Guidelines seek to cut lithium-ion battery carriage risks

Guidelines seek to cut lithium-ion battery carriage risks

Seatrade Maritime — 2023-03-29

Maritime and Ports

The first in a series of documents on safely carrying lithium-ion batteries covers how the batteries operate, their regulatory classification as cargo, the risk of and causes of thermal runaway which can lead to fires, and the toxicity hazards associated with the battery chemistry.

The document goes on to give an overview of factors involved in choosing a container for lithium-ion batteries, the effect of a battery’s charge state on packing considerations, stowage on container ships, detecting and dealing with lithium-ion fires on container ships, and loss mitigation measures.

The guidelines were Developed by CINS, an initiative launched by container lines in 2011 to reduce cargo incidents, alongside the International Group of P&I Clubs, the TT Club and the International Cargo Handling Coordination Association (ICHCA).

We strongly urge all stakeholders in the production, supply, transport, handling and sale of lithium-ion batteries whether as individual components or integrated into an electronic device, vehicle or other product to recognise their responsibilities in maximising safety when in transit,” said Dirk Van de Velde, Deputy Chair of CINS and board member of ICHCA.

Our Guidelines will create greater awareness of the possibilities of the damaging and life-threatening incidents, which have already occurred, and instil more urgent motivation to act before more catastrophic disasters result.

The initial publication will be followed by three further documents – regulatory compliance checklists, risk assessment and emergency response, and training and educational awareness.

As our experience of transporting lithium-ion batteries widens and the technology surrounding their chemical composition, production and application rapidly evolves, risk controls and loss prevention measures need to keep pace.  The work encapsulated in these Guidelines will, of necessity, continue and be undertaken in collaboration with all relevant stakeholders to increase our knowledge and understanding of the risks posed by carriage of lithium – ion batteries in containers by sea.  This publication follows on from a very successful one day Conference held on 15th March by the IG P&I Clubs, CINS, TT Club to bring all parties together to discuss such risks and to share knowledge and experience of carriage across the logistics supply chain” said Mark Smith, Loss Prevention Executive NorthStandard.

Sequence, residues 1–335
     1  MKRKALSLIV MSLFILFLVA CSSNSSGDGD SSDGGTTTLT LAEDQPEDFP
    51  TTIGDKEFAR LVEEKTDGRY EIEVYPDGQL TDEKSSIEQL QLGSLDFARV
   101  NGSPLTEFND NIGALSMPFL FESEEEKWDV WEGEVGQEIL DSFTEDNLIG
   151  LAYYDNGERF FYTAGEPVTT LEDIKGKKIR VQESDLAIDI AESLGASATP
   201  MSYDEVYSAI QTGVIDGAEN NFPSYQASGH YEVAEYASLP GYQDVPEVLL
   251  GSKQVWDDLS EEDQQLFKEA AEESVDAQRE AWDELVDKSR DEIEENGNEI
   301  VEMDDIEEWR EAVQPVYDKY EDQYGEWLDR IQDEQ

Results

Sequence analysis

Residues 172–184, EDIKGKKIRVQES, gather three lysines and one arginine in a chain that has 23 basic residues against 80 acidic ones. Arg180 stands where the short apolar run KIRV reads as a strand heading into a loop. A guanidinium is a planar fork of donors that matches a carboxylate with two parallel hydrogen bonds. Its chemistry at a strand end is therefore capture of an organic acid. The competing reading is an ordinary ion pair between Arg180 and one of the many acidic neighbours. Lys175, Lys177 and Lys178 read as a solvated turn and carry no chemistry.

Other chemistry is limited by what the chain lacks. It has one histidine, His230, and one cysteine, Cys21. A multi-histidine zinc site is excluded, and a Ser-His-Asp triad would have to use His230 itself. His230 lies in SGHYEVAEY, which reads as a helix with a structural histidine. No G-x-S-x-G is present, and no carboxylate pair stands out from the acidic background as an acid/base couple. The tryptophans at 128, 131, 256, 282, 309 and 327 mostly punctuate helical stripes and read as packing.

Peregrine Storrs-Fox, Risk Management Director at freight transport insurer TT Club added: “As the pressure on all forms of economic activity for decarbonisation increases, the use of these batteries will inevitably escalate at rates we have previously not experienced.  Air transport has been heavily restricted already and it is clear that surface modes will be called upon to transport these goods.  As an adaptable unit, the container will remain a focal point for safe transport, including for EVs alongside other vehicle carriers.  The intermodal nature of containers means more actors other than shipping lines, be they manufacturers, packers, forwarders, logistics operators, warehouses and cargo handlers must all be cognisant of the safety issues we are addressing and play their part in ensuring the risks are properly managed.

Lithium-Ion Batteries in Containers Guidelines is available to download from the CINS website.